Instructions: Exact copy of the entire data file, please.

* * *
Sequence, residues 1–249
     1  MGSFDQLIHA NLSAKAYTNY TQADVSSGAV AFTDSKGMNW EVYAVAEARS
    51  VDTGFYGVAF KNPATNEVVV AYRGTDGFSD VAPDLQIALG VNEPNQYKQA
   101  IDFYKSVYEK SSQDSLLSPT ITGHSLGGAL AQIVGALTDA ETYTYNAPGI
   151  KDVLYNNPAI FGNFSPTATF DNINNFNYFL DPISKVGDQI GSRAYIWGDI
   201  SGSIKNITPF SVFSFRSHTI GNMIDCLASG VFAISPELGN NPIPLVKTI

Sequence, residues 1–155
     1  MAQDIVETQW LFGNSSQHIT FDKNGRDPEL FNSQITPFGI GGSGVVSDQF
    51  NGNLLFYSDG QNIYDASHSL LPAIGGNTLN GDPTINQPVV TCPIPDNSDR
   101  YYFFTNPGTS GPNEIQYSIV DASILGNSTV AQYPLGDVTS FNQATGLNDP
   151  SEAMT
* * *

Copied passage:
Sequence, residues 1–249
     1  MGSFDQLIHA NLSAKAYTNY TQADVSSGAV AFTDSKGMNW EVYAVAEARS
    51  VDTGFYGVAF KNPATNEVVV AYRGTDGFSD VAPDLQIALG VNEPNQYKQA
   101  IDFYKSVYEK SSQDSLLSPT ITGHSLGGAL AQIVGALTDA ETYTYNAPGI
   151  KDVLYNNPAI FGNFSPTATF DNINNFNYFL DPISKVGDQI GSRAYIWGDI
   201  SGSIKNITPF SVFSFRSHTI GNMIDCLASG VFAISPELGN NPIPLVKTI

Sequence, residues 1–155
     1  MAQDIVETQW LFGNSSQHIT FDKNGRDPEL FNSQITPFGI GGSGVVSDQF
    51  NGNLLFYSDG QNIYDASHSL LPAIGGNTLN GDPTINQPVV TCPIPDNSDR
   101  YYFFTNPGTS GPNEIQYSIV DASILGNSTV AQYPLGDVTS FNQATGLNDP
   151  SEAMT